The program changes have been published to the development channel.

That’s it for now.

Remarkable 2 paper tablet came in!

I just got my new paper tablet yesterday! So far so good. It feels really nice to write on and shows I need to work on my writing skills… Setup and sync work well and is very easy to get working. Since I just got it, I’m going to use it for a while before I write anything more about it. I plan on doing a few mock-up designs for my Network Testers interface using it later today. I’m hoping to schedule some more programming work in the near future now that I have my fancy tablet to visualize what I want before I start programming it in.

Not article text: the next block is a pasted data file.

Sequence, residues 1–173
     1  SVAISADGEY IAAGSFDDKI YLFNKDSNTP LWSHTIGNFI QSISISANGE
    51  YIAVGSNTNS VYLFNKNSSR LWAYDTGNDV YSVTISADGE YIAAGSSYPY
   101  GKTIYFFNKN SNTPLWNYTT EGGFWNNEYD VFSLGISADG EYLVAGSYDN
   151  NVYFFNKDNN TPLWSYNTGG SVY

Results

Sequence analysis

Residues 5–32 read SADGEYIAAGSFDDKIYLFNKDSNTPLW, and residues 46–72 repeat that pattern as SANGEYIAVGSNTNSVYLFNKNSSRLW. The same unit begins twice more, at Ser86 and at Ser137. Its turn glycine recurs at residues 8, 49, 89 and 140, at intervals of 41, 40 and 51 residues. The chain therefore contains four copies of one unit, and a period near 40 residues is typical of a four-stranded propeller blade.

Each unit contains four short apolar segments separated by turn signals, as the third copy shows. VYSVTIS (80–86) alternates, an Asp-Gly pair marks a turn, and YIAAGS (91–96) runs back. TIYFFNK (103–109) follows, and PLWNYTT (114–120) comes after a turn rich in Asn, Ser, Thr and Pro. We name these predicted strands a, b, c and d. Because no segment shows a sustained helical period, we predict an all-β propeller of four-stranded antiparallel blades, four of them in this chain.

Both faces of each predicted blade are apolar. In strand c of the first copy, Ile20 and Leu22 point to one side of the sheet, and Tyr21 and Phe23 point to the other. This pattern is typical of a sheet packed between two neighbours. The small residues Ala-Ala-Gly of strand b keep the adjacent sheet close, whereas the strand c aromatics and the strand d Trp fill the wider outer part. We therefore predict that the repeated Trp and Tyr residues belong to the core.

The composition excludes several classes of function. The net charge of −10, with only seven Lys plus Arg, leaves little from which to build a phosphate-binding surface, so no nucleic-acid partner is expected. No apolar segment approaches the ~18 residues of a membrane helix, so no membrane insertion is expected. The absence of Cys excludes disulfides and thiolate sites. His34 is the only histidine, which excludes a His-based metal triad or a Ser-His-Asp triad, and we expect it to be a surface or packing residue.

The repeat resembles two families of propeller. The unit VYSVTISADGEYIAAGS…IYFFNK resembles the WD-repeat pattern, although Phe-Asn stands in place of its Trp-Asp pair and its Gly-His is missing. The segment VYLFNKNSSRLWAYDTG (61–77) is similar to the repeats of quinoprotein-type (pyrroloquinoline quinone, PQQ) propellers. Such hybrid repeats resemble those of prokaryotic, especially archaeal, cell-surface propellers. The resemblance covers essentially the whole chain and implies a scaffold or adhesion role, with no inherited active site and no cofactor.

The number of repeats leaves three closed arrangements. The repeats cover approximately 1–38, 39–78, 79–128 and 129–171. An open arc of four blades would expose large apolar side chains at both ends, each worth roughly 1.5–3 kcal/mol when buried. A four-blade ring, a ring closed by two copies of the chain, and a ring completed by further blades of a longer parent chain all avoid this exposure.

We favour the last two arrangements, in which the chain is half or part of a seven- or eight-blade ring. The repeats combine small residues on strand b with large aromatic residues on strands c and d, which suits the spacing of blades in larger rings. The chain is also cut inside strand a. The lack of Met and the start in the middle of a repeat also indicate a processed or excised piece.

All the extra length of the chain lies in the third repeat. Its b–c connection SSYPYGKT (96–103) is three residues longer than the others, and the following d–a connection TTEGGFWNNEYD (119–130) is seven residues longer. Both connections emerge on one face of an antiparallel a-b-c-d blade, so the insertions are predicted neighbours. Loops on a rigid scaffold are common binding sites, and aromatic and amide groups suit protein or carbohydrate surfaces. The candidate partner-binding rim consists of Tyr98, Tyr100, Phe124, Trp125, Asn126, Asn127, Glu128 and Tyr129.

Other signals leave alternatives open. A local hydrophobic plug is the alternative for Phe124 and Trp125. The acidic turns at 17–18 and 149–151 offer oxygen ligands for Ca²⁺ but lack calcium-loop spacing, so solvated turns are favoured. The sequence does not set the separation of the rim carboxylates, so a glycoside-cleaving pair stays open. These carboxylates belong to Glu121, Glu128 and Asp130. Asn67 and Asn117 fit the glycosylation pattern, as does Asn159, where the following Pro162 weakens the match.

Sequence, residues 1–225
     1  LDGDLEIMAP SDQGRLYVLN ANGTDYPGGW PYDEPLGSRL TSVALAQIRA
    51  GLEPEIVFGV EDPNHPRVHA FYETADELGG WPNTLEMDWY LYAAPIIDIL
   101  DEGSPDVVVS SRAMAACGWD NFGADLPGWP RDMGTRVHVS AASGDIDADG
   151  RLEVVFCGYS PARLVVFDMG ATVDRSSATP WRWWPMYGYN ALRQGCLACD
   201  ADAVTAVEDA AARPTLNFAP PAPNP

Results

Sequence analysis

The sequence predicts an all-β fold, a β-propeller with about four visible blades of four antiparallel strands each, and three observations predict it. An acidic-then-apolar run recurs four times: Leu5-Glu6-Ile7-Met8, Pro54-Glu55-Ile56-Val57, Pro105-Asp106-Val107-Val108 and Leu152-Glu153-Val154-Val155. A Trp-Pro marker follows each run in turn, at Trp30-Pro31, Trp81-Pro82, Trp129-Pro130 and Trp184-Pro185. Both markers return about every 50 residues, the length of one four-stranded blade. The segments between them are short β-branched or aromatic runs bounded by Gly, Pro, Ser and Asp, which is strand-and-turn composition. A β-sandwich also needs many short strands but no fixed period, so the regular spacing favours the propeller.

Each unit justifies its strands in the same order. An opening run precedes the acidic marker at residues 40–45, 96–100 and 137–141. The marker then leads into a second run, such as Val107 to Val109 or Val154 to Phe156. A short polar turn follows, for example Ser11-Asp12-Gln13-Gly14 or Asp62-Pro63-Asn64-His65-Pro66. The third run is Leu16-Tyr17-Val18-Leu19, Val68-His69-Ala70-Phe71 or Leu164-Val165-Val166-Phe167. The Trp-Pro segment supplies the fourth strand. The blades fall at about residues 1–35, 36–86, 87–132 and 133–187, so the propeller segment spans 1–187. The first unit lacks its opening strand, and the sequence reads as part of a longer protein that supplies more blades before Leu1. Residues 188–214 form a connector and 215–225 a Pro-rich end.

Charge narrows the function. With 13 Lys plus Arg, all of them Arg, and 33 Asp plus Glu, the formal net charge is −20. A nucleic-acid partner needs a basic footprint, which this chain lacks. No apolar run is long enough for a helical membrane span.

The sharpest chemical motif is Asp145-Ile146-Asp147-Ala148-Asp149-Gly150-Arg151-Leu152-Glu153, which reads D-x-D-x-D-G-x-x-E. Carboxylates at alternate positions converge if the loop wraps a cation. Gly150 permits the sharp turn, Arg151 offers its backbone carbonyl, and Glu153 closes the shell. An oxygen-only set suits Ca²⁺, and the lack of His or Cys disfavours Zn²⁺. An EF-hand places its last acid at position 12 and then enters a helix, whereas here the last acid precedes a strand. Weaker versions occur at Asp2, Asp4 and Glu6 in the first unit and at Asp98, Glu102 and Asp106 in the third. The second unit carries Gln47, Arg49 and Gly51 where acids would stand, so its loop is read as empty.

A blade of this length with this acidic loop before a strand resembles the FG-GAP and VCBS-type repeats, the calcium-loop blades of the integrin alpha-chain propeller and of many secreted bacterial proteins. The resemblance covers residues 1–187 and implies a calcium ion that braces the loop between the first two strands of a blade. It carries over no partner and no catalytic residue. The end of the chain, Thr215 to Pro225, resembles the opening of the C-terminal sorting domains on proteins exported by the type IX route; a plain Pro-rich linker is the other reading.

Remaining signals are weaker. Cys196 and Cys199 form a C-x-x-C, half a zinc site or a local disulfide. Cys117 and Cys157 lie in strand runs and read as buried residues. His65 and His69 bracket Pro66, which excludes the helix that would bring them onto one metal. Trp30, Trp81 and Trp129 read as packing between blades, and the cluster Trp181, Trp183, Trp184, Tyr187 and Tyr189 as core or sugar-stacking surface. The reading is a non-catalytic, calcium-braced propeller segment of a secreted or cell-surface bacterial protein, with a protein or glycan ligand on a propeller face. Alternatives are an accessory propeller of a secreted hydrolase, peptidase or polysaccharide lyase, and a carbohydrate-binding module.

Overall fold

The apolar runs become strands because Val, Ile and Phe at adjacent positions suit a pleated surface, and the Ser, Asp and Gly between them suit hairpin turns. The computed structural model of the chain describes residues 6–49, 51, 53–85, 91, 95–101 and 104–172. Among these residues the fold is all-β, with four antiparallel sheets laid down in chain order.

Kootnet Network Testers 1.4.0

I have finally released the new Network Testers version. It’s a minor update but does add the ability to view mtr / iperf previous results separately, set tests to run at a specific date & time (one time) and makes the web interface more compatible with Firefox.

I’m kinda waiting for my Remarkable 2 to arrive, so I can do some mock-up designs and enjoy a new toy/work tool.